HANOVER — Prosecutors have dropped a criminal charge against a former Dartmouth College student in connection with a vandalized menorah display on campus, in an agreement that calls for him to pay restitution and meet with members of the local Jewish community and perform community service.
But if the former student fails to stay out of trouble or meet the conditions of the agreement within the next two years, the state could seek another indictment on the felony charge.
Carlos Wilcox was indicted by a Grafton County Superior Court grand jury in December, accused of shooting out the lights on the campus’ public menorah with a BB gun during Hanukkah on Dec. 15, 2020. A sophomore at the time of the incident, Wilcox, of Bronx, N.Y., left the college last year and is no longer enrolled at Dartmouth.
The nol pros agreement between prosecutors and Wilcox, dated April 8 and filed in Grafton County Superior Court, states that Wilcox identified another Dartmouth student by name as the individual responsible for shooting out the menorah lights. Wilcox had been charged with criminal mischief, a Class B felony.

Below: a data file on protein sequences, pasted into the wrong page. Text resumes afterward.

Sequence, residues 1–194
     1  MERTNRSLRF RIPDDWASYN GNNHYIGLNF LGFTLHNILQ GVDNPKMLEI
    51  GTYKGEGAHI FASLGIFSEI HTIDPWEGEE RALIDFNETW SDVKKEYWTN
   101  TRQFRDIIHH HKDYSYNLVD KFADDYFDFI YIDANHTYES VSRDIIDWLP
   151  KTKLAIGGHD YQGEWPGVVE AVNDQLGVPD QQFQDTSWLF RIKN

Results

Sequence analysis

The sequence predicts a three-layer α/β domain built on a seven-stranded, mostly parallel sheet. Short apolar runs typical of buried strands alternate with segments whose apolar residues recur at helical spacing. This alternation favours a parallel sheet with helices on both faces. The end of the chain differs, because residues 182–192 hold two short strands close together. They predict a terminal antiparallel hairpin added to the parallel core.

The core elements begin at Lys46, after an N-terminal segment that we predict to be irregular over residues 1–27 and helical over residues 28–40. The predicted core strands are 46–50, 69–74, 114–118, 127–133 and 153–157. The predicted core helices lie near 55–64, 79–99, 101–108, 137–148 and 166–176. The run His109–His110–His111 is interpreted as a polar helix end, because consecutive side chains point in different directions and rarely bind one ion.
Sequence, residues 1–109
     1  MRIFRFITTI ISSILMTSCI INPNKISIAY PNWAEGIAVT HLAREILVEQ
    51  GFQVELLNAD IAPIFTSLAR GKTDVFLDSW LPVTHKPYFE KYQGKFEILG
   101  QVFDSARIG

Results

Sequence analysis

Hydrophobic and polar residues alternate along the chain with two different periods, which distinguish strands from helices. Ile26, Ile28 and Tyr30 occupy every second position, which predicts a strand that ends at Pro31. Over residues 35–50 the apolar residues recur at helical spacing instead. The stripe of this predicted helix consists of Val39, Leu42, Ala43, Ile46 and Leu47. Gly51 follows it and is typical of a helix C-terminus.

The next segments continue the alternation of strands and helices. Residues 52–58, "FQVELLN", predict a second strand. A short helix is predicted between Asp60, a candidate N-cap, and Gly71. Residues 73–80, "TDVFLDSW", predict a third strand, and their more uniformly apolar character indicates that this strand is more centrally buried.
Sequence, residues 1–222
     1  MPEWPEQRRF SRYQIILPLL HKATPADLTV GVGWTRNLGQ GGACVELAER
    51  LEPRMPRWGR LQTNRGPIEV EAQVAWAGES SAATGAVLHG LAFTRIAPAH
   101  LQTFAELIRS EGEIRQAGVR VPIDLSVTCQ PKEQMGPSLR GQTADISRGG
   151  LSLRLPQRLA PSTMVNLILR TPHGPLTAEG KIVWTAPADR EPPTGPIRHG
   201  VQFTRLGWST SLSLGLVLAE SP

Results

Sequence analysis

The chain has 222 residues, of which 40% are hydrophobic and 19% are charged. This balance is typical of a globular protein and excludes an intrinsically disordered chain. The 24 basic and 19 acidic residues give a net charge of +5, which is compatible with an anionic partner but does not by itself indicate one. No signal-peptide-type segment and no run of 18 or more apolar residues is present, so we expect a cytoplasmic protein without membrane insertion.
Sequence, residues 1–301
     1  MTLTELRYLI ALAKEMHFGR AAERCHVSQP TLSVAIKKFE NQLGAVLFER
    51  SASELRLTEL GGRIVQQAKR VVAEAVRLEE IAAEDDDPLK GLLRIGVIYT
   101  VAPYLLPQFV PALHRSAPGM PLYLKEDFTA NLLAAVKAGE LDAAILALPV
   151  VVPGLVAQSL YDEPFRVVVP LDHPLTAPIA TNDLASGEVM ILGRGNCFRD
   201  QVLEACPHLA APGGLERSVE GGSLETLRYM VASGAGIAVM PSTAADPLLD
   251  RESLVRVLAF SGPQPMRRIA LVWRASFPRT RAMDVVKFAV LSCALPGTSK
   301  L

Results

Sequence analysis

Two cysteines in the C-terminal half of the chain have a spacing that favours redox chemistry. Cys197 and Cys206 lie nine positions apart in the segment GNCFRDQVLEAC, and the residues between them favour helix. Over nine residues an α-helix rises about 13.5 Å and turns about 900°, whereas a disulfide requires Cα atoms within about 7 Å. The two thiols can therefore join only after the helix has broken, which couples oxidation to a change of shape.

“Carlos has maintained his innocence from the beginning and is pleased that the charge has been dropped and it is now part of the public record,” said S. Amy Spencer, Wilcox’s attorney. “Mortified by even the perception of the incident, he has agreed to pay for damages done while expressly maintaining innocence.”
Grafton County Attorney Marcie Hornick was not reachable for comment.
On Dec. 15, 2020, seven of the nine lights on a menorah set up on the Dartmouth Green were shot with a BB gun. Surveillance cameras caught grainy images of two people walking near the Green, one of them carrying what appeared to be a rifle.
Occurring on the seventh of the eight nights of Hanukkah, the vandalism was widely interpreted to be an act of antisemitism during the sacred religious holiday.
Under the nol pros agreement, Wilcox must pay $2,053.64 in restitution to Dartmouth College and within one year is required to meet with a group of up to 10 community members to be organized by Rabbi Moshe Gray of Dartmouth Chabad.
Wilcox also is to perform 100 hours of community service and “continue substance abuse counseling as recommended by his counselor and remain on ‘good behavior’ without arrests or convictions for ‘major motor vehicle offenses, misdemeanors or felonies,’ ” according to the agreement.